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Paul Coates -- Confidential File, January 31, 1959

January 31, 2009 |  2:00 pm


Junks 'Junk'; Grads Applaud

Paul_coates It's commencement week, but the proudest graduate in Southern California today isn't from any institution of learning.

He went through his ceremony in a shabby Ocean Park store-front dwelling crowded with friends whose combined arrest records could overflow the filing cabinets of any middle-sized town in the country.

Most of the guests, like the graduate, were former gutter dope addicts.

A couple of months ago I wrote about their experiment in "communal kicking" of the habit.

The group calls itself Synanon.

This week's "grad" was a man named Jesse, who at 35 -- for practically the first time in his adult life -- is free.

The arrests for narco, burglary, theft and half a dozen other crimes are behind him, he thinks.

'Clean' for Seven Months

Life After Synanon

March 29, 1998

By Ted Rohrlich
Times Staff Writer

In the turbulence of the late 1960s and early 1970s, when the Vietnam War was at its peak and faith and society’s institutions were becoming unmoored, a small drug and alcohol program in Santa Monica became an unlikely buoy in a storm.

   Synanon had been heralded by Time magazine for its supposed 80% success rate and touted by a politician as “a man-made miracle on the beach.”

   Its founder, a charismatic former drunk, may have been so intoxicated by fabulous press that he decided he could make the “miracle” apply to everyone. In 1969, Charles E. Dederich stopped graduating drunks and drug addicts to the larger society and instead invited the larger society to join his drunks and drug addicts in a Utopian quest to perfect communal life.


At the weird exercises Jesse was honored for (1) receiving his discharge papers from his parole officer, and (2) having stayed "clean," off the junk, for a personal record of seven months.

* *

Last Saturday I devoted this space to a situation which I considered a very unfortunate one.

At that time, the body of Carl (Alfalfa) Switzer, a onetime "Our Gang" star, lay in the County Morgue, and because of legal technicalities which delayed its release, a funeral planned by his parents had to be postponed.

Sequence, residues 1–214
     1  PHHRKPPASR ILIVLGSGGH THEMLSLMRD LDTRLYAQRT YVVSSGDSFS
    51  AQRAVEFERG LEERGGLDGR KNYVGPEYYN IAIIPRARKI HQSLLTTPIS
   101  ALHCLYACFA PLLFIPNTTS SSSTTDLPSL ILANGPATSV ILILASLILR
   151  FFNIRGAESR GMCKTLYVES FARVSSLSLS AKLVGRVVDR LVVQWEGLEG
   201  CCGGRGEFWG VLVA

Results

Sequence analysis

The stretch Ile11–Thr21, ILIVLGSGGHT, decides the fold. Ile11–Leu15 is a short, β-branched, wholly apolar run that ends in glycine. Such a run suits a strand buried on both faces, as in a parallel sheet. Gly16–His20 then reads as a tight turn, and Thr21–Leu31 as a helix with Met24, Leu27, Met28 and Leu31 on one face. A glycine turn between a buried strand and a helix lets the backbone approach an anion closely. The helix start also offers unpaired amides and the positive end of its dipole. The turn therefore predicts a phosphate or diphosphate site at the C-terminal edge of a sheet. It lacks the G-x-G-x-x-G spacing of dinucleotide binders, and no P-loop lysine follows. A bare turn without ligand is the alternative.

The body was being held at the morgue by coroner's officials, who claimed they couldn't release it to the family until Switzer's ex-wife, Dian Collingwood Switzer, gave them approval. The family indicated to me that they had tried unsuccessfully to contact Mrs. Switzer at her home in Hutchinston, Kan.

I printed the story. And it's one of the perils of journalism that as it was going to press, Mrs. Switzer's wire arrived in the coroner's office

Wanted Legal Advice

It should be made clear that the young lady wasn't deliberately avoiding giving consent to release of her ex-husband's body for burial. Because of the divorce situation, she wanted the telegram to be dictated by her Los Angeles attorney. And, as soon as she was able to reach him, the telegram went out.

* *

The question of who wrote the original story for the motion picture "The Brave One" has been dumped into the laps of the Screen Writers Guild this week.

A leading contender for the honor is the deceased Spanish-born writer-dancer-actor, Juan Duval, whose posthumous candidacy I revealed last week.

And adding new support to his claim is Dale Robertson. The western star telephoned me after reading my column- with the information that he, personally, had taken Juan Duval's script about a boy and a bull to a number of producers in town.